I am not referring to any moral preferences here. I watched the film with a colleague, who also is a director and producer. We both thought some measure of sprightliness was required for a character undertaking such a hazardous expedition, to endear her to the audience. But Ms. George simply refused to shine. There appeared to be a certain reluctance to really enter the character.
The role was not for a tomboy. Of course, there were others in the industry that could have played the role, but she is part of our circle and we felt that she could do well and we still feel that we did the right thing. You may not fancy our take on her but I still insist that she did well. In any case I
can’t fault your standards. As a critic, I guess you have your ideas.
We were expecting the Mother of all Battles at the well advertised “heavily guarded cave”, but alas, we were treated to some kind of anti-climax, was that intentional?
The ending is deliberate. Blood Diamonds is a big story. As you may have realised, one of the most ambitious stories of NOLLYWOOD. We intend to have a sequel which will start with the fight at the caves. Mind you, except for the few other people killed inside the cave, you only know that some of the mercenaries and Don Carlos were shot. Pray that I have the finances to shoot and accomplish Blood Diamonds 2.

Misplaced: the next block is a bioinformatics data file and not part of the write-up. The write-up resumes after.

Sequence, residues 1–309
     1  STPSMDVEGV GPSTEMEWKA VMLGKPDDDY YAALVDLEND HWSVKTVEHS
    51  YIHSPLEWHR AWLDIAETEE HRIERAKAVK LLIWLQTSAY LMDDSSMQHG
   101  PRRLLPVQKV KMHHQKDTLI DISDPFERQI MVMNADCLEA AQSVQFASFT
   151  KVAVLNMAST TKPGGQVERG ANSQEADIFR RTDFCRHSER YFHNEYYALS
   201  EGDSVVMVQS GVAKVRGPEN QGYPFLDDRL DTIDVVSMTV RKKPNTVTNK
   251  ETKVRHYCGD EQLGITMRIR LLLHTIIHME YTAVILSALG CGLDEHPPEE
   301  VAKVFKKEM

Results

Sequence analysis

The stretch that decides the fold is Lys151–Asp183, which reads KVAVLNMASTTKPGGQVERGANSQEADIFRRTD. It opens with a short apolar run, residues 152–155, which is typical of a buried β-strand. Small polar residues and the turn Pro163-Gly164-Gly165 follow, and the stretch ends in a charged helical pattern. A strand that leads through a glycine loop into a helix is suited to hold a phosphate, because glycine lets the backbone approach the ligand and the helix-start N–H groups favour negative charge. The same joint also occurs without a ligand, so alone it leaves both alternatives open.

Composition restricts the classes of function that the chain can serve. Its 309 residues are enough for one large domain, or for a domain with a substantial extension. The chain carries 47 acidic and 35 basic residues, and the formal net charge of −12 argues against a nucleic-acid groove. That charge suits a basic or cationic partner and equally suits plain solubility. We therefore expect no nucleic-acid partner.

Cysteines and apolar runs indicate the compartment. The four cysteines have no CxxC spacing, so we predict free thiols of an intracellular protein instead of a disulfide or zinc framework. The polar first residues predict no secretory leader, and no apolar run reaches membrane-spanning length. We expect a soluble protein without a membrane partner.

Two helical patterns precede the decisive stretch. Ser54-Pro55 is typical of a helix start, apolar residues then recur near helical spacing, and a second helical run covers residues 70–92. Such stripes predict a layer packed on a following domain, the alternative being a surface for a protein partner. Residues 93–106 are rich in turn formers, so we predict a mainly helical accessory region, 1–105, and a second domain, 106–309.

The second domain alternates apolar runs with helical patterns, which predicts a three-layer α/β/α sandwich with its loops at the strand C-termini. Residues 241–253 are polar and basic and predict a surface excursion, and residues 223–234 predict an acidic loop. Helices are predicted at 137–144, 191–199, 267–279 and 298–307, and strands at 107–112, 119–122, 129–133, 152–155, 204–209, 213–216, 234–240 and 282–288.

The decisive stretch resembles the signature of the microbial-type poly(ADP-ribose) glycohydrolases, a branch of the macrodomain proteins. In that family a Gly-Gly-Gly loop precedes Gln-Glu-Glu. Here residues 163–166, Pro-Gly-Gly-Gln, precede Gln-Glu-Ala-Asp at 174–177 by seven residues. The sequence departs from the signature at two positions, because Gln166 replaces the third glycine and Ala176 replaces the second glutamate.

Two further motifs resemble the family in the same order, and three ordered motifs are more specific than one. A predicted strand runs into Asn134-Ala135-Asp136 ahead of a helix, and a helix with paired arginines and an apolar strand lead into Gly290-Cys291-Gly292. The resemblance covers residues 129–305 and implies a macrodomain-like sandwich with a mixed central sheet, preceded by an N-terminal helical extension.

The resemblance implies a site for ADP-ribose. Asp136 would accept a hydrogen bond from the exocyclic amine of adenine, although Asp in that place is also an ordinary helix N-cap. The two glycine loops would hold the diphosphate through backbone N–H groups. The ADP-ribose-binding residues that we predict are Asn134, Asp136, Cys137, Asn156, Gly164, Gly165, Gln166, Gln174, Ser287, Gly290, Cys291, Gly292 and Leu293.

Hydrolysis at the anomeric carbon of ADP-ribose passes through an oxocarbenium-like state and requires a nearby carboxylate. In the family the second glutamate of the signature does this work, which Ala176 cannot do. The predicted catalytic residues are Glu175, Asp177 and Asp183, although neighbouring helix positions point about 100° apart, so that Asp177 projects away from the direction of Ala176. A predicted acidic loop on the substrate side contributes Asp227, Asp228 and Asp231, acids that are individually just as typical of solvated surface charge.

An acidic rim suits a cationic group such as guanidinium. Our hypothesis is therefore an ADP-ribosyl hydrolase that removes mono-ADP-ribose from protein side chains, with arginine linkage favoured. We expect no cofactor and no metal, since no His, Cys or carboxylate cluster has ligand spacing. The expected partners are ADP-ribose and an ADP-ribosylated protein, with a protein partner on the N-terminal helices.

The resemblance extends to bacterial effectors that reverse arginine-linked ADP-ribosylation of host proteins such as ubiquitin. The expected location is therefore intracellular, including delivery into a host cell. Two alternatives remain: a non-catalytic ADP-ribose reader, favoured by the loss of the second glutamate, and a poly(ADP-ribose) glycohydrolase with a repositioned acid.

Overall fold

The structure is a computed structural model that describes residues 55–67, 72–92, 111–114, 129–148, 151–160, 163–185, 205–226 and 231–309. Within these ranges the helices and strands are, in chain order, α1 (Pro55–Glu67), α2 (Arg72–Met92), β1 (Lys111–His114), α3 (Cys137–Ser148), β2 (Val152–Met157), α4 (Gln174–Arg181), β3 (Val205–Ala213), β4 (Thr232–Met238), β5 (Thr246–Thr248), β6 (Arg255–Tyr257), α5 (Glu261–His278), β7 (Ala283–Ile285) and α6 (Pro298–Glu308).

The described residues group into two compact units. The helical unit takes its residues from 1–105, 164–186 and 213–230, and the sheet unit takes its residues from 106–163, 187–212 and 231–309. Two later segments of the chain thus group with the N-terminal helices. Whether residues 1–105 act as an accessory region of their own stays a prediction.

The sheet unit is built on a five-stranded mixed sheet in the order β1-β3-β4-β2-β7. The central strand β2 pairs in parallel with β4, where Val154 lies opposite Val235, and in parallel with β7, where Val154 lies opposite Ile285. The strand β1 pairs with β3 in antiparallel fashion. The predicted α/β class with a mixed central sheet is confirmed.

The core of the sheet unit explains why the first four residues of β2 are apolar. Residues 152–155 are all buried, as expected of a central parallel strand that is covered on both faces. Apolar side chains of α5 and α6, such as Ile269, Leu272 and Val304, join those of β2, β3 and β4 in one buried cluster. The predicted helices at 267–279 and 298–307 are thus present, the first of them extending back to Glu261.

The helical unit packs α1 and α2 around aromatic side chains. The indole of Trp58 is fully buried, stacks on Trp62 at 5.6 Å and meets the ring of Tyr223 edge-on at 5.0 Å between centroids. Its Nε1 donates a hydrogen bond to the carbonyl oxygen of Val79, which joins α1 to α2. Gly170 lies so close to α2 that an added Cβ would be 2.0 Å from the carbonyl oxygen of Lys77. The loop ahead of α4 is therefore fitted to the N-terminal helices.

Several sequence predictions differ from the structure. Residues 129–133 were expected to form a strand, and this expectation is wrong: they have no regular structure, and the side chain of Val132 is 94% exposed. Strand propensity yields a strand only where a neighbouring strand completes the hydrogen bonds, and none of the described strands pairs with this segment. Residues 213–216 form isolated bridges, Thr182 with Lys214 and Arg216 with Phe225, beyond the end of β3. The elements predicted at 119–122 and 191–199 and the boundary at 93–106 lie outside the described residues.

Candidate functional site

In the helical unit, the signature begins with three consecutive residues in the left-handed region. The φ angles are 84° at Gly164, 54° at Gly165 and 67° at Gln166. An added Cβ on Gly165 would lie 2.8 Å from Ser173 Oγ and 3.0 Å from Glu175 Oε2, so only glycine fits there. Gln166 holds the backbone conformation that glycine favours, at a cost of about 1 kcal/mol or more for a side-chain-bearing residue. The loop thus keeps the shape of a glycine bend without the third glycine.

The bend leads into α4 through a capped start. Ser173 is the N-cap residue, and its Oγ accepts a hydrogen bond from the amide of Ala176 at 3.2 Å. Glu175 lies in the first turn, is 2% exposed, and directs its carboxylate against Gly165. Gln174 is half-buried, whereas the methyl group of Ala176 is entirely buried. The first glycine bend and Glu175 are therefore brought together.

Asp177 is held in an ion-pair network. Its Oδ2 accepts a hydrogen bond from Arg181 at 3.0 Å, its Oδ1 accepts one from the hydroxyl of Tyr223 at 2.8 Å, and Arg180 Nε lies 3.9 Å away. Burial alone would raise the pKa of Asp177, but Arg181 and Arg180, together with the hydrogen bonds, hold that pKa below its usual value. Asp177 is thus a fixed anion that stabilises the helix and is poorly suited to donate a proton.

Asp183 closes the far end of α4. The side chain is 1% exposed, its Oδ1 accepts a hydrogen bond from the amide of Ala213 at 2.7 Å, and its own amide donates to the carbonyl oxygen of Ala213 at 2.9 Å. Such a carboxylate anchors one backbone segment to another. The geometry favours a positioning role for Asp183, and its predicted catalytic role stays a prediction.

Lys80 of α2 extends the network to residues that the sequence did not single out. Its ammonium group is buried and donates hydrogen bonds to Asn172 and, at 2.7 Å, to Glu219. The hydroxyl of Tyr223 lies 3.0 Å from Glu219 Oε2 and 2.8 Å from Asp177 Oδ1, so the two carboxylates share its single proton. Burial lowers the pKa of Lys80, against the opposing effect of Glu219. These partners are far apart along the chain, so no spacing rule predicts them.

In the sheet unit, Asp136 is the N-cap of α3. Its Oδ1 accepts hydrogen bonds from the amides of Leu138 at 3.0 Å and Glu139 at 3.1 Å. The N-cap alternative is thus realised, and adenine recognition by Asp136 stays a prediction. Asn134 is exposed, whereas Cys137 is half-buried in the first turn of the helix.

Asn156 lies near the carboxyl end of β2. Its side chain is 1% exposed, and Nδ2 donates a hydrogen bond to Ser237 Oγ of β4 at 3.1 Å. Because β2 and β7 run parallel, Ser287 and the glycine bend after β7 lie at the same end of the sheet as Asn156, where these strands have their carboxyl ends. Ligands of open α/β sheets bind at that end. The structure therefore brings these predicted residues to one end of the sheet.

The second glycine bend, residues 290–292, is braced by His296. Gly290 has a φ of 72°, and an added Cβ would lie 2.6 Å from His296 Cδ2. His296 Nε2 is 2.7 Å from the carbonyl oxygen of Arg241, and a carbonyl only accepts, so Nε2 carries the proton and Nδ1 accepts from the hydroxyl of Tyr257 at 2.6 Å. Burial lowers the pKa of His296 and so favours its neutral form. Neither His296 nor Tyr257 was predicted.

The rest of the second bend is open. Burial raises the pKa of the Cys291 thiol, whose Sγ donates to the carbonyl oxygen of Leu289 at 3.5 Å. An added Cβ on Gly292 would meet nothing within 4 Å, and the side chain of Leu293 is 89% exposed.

What is your assessment of the Nigerian film industry? There is a growing impression that the place appears to have become a dumping ground for those who fail to find their feet in more challenging sectors?
I think the Home Video Industry personifies the resilience and ingenuity of the Nigerian. I had respect for the young men and women that are behind the industry but my respect has grown beyond bounds after my experience with Blood Diamonds. Movie making is a combination of art, science and technology. The industry has talents and artists but lacks finance. The Teco Bensons of Nigeria can give you Oscar winning movies if they get the necessary funds. The artists are fantastic. Unlike in European movies, we do not use stunts or effects to give you the larger than life performances that you credit Hollywood artists with. The industry is still in the analogue stage. Perhaps that is why I pity most critics. The standards of the pirated Western films they watch were not achieved overnight. Besides, America, India and other nations with successful film industries have patriotic nationals that patronise what is theirs. Our elite class do not patronise the industry here. They are content with watching cheap and pirated Western films. The immediate effect is that the standards are set by the lower class that are patronising the industry. So, until we have our middle and upper class people buying made in Nigeria movies, do not expect the standards to improve overnight. In any case, the present standards are fantastic for those who are investing in the industry. You may hate them but not too many people are in a position of producing movies like Blood Diamonds. I know how much I spent, and how much I realised. If commerce were strictly the reasons behind Blood Diamonds, then I would have been crying for a long time.